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Rockland Lake Revisited

by Lisa Marasa & Bill Blades

Rockland Lake State Park is one of our favorite places in the Hudson Valley to relax, picnic, fish, hike and take lots of nature photos. My first memories of Rockland Lake are from day camp in my pre teen years. It was a great place to go swimming and spend the day outside in the hot, humid summers of the Hudson Valley as kid. It’s not one of the biggest lakes in New York State but there are beautiful landscapes at every turn for the outdoor photographer and the hiking trails provide spectacular views of the Hudson River Valley. I love the hiking trails panoramic views almost year round, but I enjoy the off months, weekdays and evenings to avoid the hordes of people that invade my quiet place on the summer weekends.

Rockland Lake State Park is located in the Rockland County region of The Lower Hudson Valley, specifically in Congers, NY, on a ridge of Hook Mountain over the west bank of the Hudson River. This is also one of the places that our portion of The Long Path, part of the Appalachian Trail, runs through Rockland County. The Long Path passes through Mountainview County Nature Park, it follows 9W for a mile or so, and then leaves it for Rockland Lake and Hook Mountain State Park with dramatic views of the Hudson River and Haverstraw Bay. It then drops down to the small Haverstraw Beach State Park and follows a road out of it into High Tor State Park. There are trailheads to the Long Path that run through Rockland Lake and along the bank of the Hudson, which provide spectacular views of the river, the Tappan Zee Bridge and Westchester County. There’s a trail head at the tennis courts at the Championship Golf Course, at the circle area of the Executive Golf Course parking lot and on Landing Road near the Rockland Lake Firehouse to name a few. Just wander up a trail and look for the Blue/ Aqua Blaze Markers and you’re on your way! Rockland Lake State Park has two Olympic-sized swimming pools with kiddie pools at the North and South locations, picnic tables and grills, a boat launch and boat rentals, six tennis courts and two golf courses. You can fish Rockland Lake for bass, perch and norlunge or use the 3 mile fitness trail around the lake for walking, jogging, biking or roller blading. During the winter there are designated cross country skiing trails and sledding slopes. Rockland Lake is one of the many state parks of NY and a part of the Palisades Interstate Park system. It was developed and opened to the public in the early 1960s.  As almost every area in the Historic Hudson Valley, Rockland Lake State Park comes with its own surprising story and tragic twists of fate. There was once a small but thriving Village of Rockland Lake, of which little remains today with the exception of The Knickerbocker Fire House, a couple of buildings, some stone foundations and stairways to nowhere.

The Knickerbocker Ice Company was established at Rockland Lake on the eastern bank In 1835, after three men, John J. Felter, John G. Perry and Edward Felter cut out some large chunks of ice from a frozen lake in Rockland County and sold it at nearly 100% profit. It wasn’t long before the business was booming. The stored ice was placed on inclined railroad cars, transported down the mountainside, placed on barges on the Hudson River, and shipped to New York City. At first hotels and butchers were the primary users of this ice since the average household did not yet have access to the ice boxes of the time and preserved food by drying, canning, brining or smoking. So much ice was shipped that Rockland Lake became known as the “Icehouse of New York City”.  Eventually as inventors came up with more ways to create artificial refrigeration it was only a matter of time before the modern appliances would replace the need and impracticality of ice boxes that depended frozen lakes and the unpredictability of weather. Gradually the ice harvest decreased, and in 1924 the last ice harvest took place in Rockland County.  The Knickerbocker Ice Company closed in 1924. In 1926, workers who were demolishing one of the “ice houses” accidentally set fire to the structure’s sawdust insulation. The fire spread extremely quickly and destroyed the majority of the Village of Rockland Lake. The old foundation of the ice company remains today, marked by a historical plaque and bench.  The Knickerbocker Ice Company’s history is celebrated annually with the Knickerbocker Ice Festival. This two day weekend festival includes ice carving demonstrations and competitions, kids ice park and canteen, bon fires and igloo building, art exhibits, history programs and more.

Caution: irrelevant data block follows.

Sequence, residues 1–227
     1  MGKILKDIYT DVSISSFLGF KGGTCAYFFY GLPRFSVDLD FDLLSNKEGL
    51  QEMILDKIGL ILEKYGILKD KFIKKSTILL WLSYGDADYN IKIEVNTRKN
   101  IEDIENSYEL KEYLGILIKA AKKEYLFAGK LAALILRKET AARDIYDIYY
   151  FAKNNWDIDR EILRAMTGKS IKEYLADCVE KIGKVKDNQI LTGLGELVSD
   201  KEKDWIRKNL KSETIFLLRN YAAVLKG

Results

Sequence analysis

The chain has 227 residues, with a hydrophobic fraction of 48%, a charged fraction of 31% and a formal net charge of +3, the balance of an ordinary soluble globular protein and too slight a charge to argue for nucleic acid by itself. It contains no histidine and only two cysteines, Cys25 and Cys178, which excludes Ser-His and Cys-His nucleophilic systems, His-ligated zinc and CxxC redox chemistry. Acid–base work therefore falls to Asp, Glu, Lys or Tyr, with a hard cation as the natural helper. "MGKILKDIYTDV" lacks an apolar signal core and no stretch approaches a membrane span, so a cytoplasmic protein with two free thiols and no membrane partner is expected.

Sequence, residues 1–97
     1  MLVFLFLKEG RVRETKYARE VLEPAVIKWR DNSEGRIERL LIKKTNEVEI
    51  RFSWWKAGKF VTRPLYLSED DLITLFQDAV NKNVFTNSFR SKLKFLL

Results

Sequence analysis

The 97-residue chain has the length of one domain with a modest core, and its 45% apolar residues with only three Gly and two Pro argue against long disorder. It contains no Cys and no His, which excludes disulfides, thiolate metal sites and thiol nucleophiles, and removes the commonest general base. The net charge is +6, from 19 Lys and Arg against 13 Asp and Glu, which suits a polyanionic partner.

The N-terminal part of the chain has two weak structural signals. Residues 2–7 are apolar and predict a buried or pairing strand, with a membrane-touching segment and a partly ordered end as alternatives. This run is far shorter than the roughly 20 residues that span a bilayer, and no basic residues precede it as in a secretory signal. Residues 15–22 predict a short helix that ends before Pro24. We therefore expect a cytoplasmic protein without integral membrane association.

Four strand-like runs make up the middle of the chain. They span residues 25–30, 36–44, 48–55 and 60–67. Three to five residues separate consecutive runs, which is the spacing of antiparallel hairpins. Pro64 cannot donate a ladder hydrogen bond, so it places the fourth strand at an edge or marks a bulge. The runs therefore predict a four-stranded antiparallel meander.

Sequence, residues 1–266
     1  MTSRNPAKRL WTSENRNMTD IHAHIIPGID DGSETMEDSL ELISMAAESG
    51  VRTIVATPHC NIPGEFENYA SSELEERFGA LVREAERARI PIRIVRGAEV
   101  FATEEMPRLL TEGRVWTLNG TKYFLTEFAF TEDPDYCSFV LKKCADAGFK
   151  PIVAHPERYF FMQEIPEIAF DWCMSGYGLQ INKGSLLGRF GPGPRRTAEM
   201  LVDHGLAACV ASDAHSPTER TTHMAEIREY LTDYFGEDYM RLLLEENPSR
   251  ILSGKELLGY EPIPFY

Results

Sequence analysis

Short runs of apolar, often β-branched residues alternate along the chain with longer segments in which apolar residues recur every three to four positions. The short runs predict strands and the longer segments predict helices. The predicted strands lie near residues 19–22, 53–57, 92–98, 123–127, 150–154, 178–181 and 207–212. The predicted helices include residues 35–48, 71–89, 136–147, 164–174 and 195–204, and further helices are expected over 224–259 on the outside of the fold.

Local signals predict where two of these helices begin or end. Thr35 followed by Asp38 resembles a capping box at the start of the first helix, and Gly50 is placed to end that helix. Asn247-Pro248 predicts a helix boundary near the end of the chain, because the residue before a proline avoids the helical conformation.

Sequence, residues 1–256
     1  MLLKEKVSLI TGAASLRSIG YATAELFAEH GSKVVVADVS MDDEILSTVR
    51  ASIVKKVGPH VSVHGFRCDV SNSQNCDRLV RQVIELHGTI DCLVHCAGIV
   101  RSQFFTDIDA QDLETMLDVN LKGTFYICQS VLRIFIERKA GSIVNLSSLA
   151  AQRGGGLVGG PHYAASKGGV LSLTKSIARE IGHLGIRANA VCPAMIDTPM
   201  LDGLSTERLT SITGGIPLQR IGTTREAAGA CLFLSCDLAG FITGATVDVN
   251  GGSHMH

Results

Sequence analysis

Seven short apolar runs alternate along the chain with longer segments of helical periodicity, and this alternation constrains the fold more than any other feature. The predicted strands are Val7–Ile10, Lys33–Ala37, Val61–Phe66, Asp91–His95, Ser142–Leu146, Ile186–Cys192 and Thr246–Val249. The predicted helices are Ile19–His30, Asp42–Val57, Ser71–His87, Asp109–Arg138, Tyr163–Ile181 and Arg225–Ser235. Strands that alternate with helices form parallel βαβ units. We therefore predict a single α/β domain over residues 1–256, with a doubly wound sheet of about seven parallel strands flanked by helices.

If you’re looking for great New York trails in the Hudson Valley, Rockland Lake has everything you need from hiking trails, cross country skiing, mountain biking trails, walking trails and geocaching opportunities along the Historic Hudson River in New York. You can get more information on the lake and trail, hiking trail maps and hiking clubs from the New York State Parks and Recreation Department.

Lisa Marasa & Bill Blades are local photographers who share their work online at HudsonValleyPhotography.net. You can also see some of their work displayed on the walls of the Nyack Starbucks through August 31.

Photo Credit: Hudson Valley Photography.
Film Credit: “1902 Cutting and Canaling Ice at Rockland Lake” by Thomas Edison, Feb 24 1902 via MediaFilmProfessor on YouTube.

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